The venture capital world can be quite intimidating for ambitious founders looking for funding, especially those among underrepresented groups that are often left out of those opportunities.
Back in 2015, Backstage Capital founder, Arlan Hamilton set out to create a venture capital fund that offered more opportunities for people like her –– Black, people of color, women, LGBTQIA+. In turn, she founded a company that in five short years has invested in over 150 underserved founders.
As Backstage Capital celebrates its fifth impactful year in business, the firm has also released a five-year recap report — developed by The Plug and its contributors Sherrell Dorsey, Ashley Black, and Gizelle Clemmons — detailing all the progress it’s made in the venture capital world and its communities.
— Backstage Capital (@Backstage_Cap) November 19, 2020
The five-year report shares background research, survey data, and stakeholder interviews that dive deep into the past, present, and future
of diversity and inclusion in venture capital as well as Backstage’s influence in the field.
Although it seems VC is moving toward more diversity and inclusion for founders that come from marginalized backgrounds, the report shares most interviewees commonly feel the progress made so far is only a fraction of what needs to change across the board.
According to Backstage Capital’s report, “respondents characterize most VCs as risk-averse with a narrow worldview, rarely funding businesses that
meet the needs or serve communities outside of their own
immediate spheres of reference.”
Unfortunately, many VC firms overlook and undervalue qualified diverse founders because they don’t meet their typical standards, i.e. white and male with a certain level of college experience.
According to a 2018 report outlined by DiversityVC and RateMyInvestor, research shows that 9.2 percent of venture-backed founders are women, 1 percent are Black, 1.8 percent are Latino/x, and 2.4 percent are Middle Eastern, compared to the 17.7 percent that are Asian and 77.1 percent that are white.
Additionally, according to a 2016 Cornerstone Capital Group report, 14 percent of venture capital investments go to LGBTQ founders.
Despite these low diversity statistics among founders, Backstage Capital’s report shares that decades of research reveal investing in underserved markets consistently generates better results that outperform the market.
In an effort to rectify the industry’s diversity issue, Hamilton has made it her mission to call out clear bias for funds that short-change diverse founders, ultimately contributing to Backstage Capital’s greatest impact on the VC ecosystem.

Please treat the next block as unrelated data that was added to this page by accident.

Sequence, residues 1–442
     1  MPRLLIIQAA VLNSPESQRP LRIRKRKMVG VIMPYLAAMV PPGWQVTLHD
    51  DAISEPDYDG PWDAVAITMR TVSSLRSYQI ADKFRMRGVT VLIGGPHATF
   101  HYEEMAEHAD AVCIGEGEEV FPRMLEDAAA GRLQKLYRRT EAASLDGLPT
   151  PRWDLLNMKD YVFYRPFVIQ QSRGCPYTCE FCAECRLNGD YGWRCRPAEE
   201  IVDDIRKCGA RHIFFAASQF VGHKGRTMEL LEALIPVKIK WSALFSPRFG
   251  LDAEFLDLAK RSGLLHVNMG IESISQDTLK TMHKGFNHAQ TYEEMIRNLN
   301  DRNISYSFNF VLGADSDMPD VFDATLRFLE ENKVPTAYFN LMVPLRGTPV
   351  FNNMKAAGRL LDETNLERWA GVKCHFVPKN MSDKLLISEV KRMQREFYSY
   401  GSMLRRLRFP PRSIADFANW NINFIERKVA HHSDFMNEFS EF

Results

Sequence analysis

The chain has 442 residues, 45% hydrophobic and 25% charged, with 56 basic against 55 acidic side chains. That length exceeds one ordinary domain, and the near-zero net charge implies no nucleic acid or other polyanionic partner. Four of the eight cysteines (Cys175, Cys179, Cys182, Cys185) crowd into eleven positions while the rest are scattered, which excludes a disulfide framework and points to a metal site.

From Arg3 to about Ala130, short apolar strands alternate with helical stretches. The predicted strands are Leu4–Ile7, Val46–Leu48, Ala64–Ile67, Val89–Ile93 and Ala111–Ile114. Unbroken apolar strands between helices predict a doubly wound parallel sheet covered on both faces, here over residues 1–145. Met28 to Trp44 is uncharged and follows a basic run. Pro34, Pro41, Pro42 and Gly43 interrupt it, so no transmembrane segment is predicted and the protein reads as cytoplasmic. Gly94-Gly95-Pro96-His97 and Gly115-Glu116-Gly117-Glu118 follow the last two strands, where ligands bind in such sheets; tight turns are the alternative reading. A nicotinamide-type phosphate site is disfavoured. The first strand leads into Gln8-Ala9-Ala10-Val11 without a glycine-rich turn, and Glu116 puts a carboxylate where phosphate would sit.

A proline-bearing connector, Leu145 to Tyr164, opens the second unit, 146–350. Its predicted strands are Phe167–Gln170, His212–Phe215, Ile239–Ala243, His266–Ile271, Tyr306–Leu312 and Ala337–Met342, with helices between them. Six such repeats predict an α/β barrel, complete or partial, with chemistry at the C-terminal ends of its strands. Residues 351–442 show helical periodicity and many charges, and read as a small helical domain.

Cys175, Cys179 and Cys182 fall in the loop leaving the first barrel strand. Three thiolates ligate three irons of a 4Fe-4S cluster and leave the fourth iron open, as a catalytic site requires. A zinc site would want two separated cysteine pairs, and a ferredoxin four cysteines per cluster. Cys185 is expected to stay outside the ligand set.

Over the years, Backstage Capital has invested in several companies including Bitwise — a tech solution helping to activate human potential and elevate small cities across America; Akash Systems — which works to offer universal and low-cost access to the internet; CurlMix — a clean beauty brand for curly hair; Carrot Fertility — a company making high-quality fertility care accessible for all; and more.
With a focus on highlighting and funding underrepresented founders, the firm’s influence has been able to “create a pipeline to funding, entrepreneurship, and wealth creation for people who come from historically oppressed and repressed backgrounds,” the report states.
Data from Backstage Capital’s report also shares a thread highlighting its history and current landscape.
Backstage Capital — alongside some of its peers such as Black Angel Tech Fund, Precursor Ventures, MAC Ventures, and Harlem Capital Partners to name a few — has been an influential pioneer in the industry’s shifted focus to serve diverse founders.
In the past five years, the firm has raised $5 million in funds 1-3, which translates to creating over 1,000 jobs, raising over $0.5 billion with its portfolio companies, and even accomplishing its goal of making 100 founder investments by 2018 — two years ahead of its initial mark.
Additionally, its report also disclosed that of the 164 founders it has invested in, 56.7 percent were WOC, 65.9 percent were POC, and 9.2 percent were a part of the LGBTQ+ community.
Looking ahead, Backstage Capital has a plan to focus on developing its new
rapidly-growing syndicate, Backstage Crowd — a three-month old platform that has raised over $1 million so far with over 2,000 investors.
Backstage Capital wishes to continue being a pillar for diverse founders in the VC ecosystem while also providing greater access to capital for startups.
To read its full impact report, click here.